A complex and intimate meditation on love, guilt, and the decisions that haunt us forever.


After a decade abroad, a refugee of Argentina’s Dirty War returns to Buenos Aires, where ghosts of his past guide him through a nightmarish labyrinth of memory, guilt, and loss.

In 1976, Tomás Orilla disappeared from Argentina without a trace, smuggled out by his childhood mentor, the Colonel, after coming dangerously close to death at the hands of the oppressive military junta. Now, 10 years later, he is Thomas Shore, a translator in New York City who is haunted by the traumas of the past and contending with a failing marriage. The impending death of Pichuca, an old family friend, occasions his return to Buenos Aires, where he moved as a teenager under the pretense of attending medical school, though his true motive was to be closer to Pichuca’s daughter, Isabel, a spirited and fiery young woman whom he loved since childhood. But the city Tomás returns to is riddled with ghosts: the ghosts of Isabel and the Colonel, the ghosts of the disappeared and the ghosts of their captors, the ghost of the young man he once was. With the Colonel’s spirit as his guide, Tomás returns to the sites containing all his darkest memories and his most profound regrets, and the boundary between the present and the past becomes increasingly indistinct. Back in 1976, Isabel, who is involved with a leftist insurgent group, exploits Tomás’ devotion to her and requests that he work for her as a double agent, launching a sequence of events that compromises his life: spying on the Colonel and finding employment at a concentration camp for dissidents. However, this is less a tour through memory than a reckoning, as Tomás struggles to identify the discrete choices he would need to undo to prevent Isabel’s disappearance and to save himself from the nightmare of his past.

A complex and intimate meditation on love, guilt, and the decisions that haunt us forever.

Pub Date: Jan. 12, 2021

ISBN: 978-0-593-18864-4

Page Count: 304

Publisher: Riverhead

Review Posted Online: Oct. 27, 2020

Kirkus Reviews Issue: Nov. 15, 2020

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For devoted Hannah fans in search of a good cry.


The miseries of the Depression and Dust Bowl years shape the destiny of a Texas family.

“Hope is a coin I carry: an American penny, given to me by a man I came to love. There were times in my journey when I felt as if that penny and the hope it represented were the only things that kept me going.” We meet Elsa Wolcott in Dalhart, Texas, in 1921, on the eve of her 25th birthday, and wind up with her in California in 1936 in a saga of almost unrelieved woe. Despised by her shallow parents and sisters for being sickly and unattractive—“too tall, too thin, too pale, too unsure of herself”—Elsa escapes their cruelty when a single night of abandon leads to pregnancy and forced marriage to the son of Italian immigrant farmers. Though she finds some joy working the land, tending the animals, and learning her way around Mama Rose's kitchen, her marriage is never happy, the pleasures of early motherhood are brief, and soon the disastrous droughts of the 1930s drive all the farmers of the area to despair and starvation. Elsa's search for a better life for her children takes them out west to California, where things turn out to be even worse. While she never overcomes her low self-esteem about her looks, Elsa displays an iron core of character and courage as she faces dust storms, floods, hunger riots, homelessness, poverty, the misery of migrant labor, bigotry, union busting, violent goons, and more. The pedantic aims of the novel are hard to ignore as Hannah embodies her history lesson in what feels like a series of sepia-toned postcards depicting melodramatic scenes and clichéd emotions.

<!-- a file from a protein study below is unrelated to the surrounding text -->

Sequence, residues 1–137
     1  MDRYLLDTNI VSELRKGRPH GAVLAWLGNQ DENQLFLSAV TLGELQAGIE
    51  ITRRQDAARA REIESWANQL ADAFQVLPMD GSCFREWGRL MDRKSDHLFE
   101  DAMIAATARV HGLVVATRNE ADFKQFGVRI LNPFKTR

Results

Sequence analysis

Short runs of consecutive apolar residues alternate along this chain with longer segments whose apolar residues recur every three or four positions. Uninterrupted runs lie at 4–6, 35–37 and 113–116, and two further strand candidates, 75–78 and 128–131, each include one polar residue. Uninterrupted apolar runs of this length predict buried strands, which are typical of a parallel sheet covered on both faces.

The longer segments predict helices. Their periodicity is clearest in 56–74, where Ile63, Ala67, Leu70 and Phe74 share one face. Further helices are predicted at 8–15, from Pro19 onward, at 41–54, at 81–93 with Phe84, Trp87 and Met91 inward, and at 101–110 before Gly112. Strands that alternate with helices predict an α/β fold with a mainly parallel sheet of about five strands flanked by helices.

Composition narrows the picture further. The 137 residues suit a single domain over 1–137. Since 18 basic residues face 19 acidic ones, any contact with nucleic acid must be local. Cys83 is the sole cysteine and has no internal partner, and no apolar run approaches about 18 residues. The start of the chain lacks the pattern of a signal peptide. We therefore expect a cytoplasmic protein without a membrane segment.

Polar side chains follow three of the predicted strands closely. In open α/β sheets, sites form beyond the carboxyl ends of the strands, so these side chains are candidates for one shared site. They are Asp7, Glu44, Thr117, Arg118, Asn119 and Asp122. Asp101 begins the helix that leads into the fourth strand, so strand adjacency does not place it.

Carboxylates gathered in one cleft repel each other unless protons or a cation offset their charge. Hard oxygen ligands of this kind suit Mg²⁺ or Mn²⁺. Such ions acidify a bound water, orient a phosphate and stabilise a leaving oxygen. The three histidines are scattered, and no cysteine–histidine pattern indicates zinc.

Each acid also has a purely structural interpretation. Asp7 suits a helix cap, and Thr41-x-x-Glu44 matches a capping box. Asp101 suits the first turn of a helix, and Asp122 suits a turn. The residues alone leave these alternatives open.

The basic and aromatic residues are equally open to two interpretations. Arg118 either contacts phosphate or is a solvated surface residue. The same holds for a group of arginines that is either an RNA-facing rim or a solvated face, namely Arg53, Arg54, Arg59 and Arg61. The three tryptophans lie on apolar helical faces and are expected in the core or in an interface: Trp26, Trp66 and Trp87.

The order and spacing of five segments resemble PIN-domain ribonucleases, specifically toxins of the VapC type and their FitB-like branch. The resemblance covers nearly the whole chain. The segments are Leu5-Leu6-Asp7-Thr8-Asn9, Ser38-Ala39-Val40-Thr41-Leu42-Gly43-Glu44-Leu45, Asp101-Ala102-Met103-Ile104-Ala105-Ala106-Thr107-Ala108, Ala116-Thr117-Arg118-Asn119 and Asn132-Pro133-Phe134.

For devoted Hannah fans in search of a good cry.

Pub Date: Feb. 9, 2021

ISBN: 978-1-2501-7860-2

Page Count: 464

Publisher: St. Martin's

Review Posted Online: Nov. 18, 2020

Kirkus Reviews Issue: Dec. 1, 2020

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A whimsical fantasy about learning what’s important in life.


An unhappy woman who tries to commit suicide finds herself in a mysterious library that allows her to explore new lives.

How far would you go to address every regret you ever had? That’s the question at the heart of Haig’s latest novel, which imagines the plane between life and death as a vast library filled with books detailing every existence a person could have. Thrust into this mysterious way station is Nora Seed, a depressed and desperate woman estranged from her family and friends. Nora has just lost her job, and her cat is dead. Believing she has no reason to go on, she writes a farewell note and takes an overdose of antidepressants. But instead of waking up in heaven, hell, or eternal nothingness, she finds herself in a library filled with books that offer her a chance to experience an infinite number of new lives. Guided by Mrs. Elm, her former school librarian, she can pull a book from the shelf and enter a new existence—as a country pub owner with her ex-boyfriend, as a researcher on an Arctic island, as a rock star singing in stadiums full of screaming fans. But how will she know which life will make her happy? This book isn't heavy on hows; you won’t need an advanced degree in quantum physics or string theory to follow its simple yet fantastical logic. Predicting the path Nora will ultimately choose isn’t difficult, either. Haig treats the subject of suicide with a light touch, and the book’s playful tone will be welcome to readers who like their fantasies sweet if a little too forgettable.

A whimsical fantasy about learning what’s important in life.

Pub Date: Sept. 29, 2020

ISBN: 978-0-52-555947-4

Page Count: 336

Publisher: Viking

Review Posted Online: July 14, 2020

Kirkus Reviews Issue: Aug. 1, 2020

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